Wednesday, November 9, 2011

After the Scandal

All of us who have been touched by Penn State over the years cannot go untouched by the Sandusky child abuse case—the charge that the former Penn State football coach had molested young boys who were in his care through his leadership of the Second Mile charity and that Penn State leaders failed to properly report the abuse.

I have lived in State College most of my adult life.  I came here in 1968 as a junior and was lucky to get a full-time job at Penn State when I graduated.  I left in 1987 and returned in 1994 as an Outreach administrator until my retirement in 2007.   Jerry Sandusky was a neighbor when our son was a little boy.  I’ve worked closely with Tim Curley’s brothers at Penn State and know Gary Schultz as a colleague and leader.  I even worked with Joe Paterno when I was in public broadcasting and he produced a weekly show, TV Quarterbacks, during the football season.  One year, in an attempt to lure more viewers, I interviewed all of the coaches to develop a give-away poster that described the role of each player. 

Most people seem to think that this scandal is about the football program.  However, the impact is surely to be felt well beyond Beaver Stadium.  And that is what bothers me most.  For me and for many others, the football program is an interesting sideline to the university’s true mission as a public land grant university: to extend access to education and service to all Pennsylvanians in order to build a stable and productive society.  Penn State has 24 campuses in addition to the University Park campus.  One of them, the Shenango Campus, opened in Mercer County the year before I graduated from high school.  If it were not for that new campus opening in my backyard, I may not have been able to go to college.  It allowed me to live at home and to work pretty much full time while I completed the first two years of my undergraduate education and then to seamlessly move to University Park to finish my degree.  There are thousands of Pennsylvanians who have had the same experience of Penn State.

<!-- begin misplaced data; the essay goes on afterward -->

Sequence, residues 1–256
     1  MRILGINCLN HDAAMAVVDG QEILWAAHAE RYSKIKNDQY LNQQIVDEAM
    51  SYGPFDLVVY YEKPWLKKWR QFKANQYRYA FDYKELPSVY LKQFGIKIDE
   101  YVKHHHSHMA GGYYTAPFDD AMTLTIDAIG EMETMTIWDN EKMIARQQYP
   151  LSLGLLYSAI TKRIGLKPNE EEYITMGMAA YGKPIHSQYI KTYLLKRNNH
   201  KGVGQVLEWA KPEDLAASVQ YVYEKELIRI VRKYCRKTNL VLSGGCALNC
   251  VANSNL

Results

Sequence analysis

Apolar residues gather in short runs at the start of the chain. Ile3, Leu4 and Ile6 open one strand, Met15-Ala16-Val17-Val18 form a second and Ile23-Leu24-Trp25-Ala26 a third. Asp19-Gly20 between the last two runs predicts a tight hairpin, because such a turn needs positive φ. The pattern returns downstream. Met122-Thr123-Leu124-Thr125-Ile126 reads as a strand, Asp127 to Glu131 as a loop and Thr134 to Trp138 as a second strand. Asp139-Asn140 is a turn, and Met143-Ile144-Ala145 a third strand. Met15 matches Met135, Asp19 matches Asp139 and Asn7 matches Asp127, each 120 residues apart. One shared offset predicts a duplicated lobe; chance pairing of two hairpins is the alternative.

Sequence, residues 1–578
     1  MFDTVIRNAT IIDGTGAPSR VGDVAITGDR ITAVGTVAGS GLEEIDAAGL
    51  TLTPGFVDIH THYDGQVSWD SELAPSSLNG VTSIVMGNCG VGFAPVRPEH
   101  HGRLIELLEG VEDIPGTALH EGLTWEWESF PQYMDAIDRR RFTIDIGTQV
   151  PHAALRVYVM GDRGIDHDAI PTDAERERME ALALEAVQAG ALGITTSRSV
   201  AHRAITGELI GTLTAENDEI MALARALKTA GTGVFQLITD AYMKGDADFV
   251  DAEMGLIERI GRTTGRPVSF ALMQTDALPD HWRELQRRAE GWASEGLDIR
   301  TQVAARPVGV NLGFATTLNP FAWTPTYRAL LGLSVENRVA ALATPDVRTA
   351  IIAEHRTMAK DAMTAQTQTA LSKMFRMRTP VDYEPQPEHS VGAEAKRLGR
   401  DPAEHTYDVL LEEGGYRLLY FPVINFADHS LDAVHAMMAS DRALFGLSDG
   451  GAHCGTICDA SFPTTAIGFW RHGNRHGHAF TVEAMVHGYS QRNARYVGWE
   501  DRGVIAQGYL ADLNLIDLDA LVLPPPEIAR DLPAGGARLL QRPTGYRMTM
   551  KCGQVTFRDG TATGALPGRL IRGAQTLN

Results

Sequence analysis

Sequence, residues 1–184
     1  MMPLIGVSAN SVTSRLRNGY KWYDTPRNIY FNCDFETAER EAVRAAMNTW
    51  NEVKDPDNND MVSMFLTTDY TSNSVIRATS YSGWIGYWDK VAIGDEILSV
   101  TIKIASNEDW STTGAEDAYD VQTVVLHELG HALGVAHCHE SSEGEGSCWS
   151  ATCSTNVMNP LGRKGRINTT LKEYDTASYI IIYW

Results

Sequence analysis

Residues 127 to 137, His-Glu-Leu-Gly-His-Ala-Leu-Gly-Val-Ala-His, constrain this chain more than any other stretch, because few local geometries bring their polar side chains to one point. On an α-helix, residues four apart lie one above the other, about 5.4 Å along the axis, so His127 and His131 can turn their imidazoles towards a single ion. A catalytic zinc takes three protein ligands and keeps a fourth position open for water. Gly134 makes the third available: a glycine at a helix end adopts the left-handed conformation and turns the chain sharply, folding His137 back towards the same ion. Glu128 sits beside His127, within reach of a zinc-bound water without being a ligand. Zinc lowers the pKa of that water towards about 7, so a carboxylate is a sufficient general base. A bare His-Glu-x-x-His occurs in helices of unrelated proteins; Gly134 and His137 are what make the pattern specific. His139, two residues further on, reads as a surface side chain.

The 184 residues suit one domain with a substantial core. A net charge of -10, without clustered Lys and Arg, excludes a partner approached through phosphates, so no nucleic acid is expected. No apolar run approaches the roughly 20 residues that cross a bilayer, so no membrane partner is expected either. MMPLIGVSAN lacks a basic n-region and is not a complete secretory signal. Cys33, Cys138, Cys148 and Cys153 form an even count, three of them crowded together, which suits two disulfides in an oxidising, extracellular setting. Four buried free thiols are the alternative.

In the final decade of my career at Penn State, I was responsible for developing the university’s 25th campus—the online World Campus.  Through it, we are now able to provide full baccalaureate and graduate degree programs to working adults around Pennsylvania and, indeed, around the world.  It is the natural extension of the land grant mission for the Information Society.  

For many thousands of alums in Pennsylvania and elsewhere the real meaning of the university lies in its commitment to helping students—both young people and adults—achieve their life goals by making education accessible while simultaneously ensuring quality.  There are, of course, other aspects of Penn State’s mission.  Some see it more as a research institution, for instance. Penn State research has made significant contributions to improving the quality of life around the world, from agricultural production to new materials that are used in artificial knees to nanotechnology to understanding and combating global climate change—all in the spirit of the land grant vision.  Then, of course, there is the service element that helps individuals and organizations implement the results of research to improve the quality of life.  Ultimately, it is the interaction among these three missions—teaching, research, and service--that has made Penn State a great university.

The current scandal must run its course.   I suspect it will change Penn State in the process.  However, when it has died down, I do hope that the University will again focus its energies to how to re-articulate and re-commit its considerable talents to the land grant mission –to the integration of teaching, research, and service—in light of the challenges presented to our economy and culture by globalization and information technology.   This, more than football or anything else, will ensure that Penn State continues to be a great university for many years to come.

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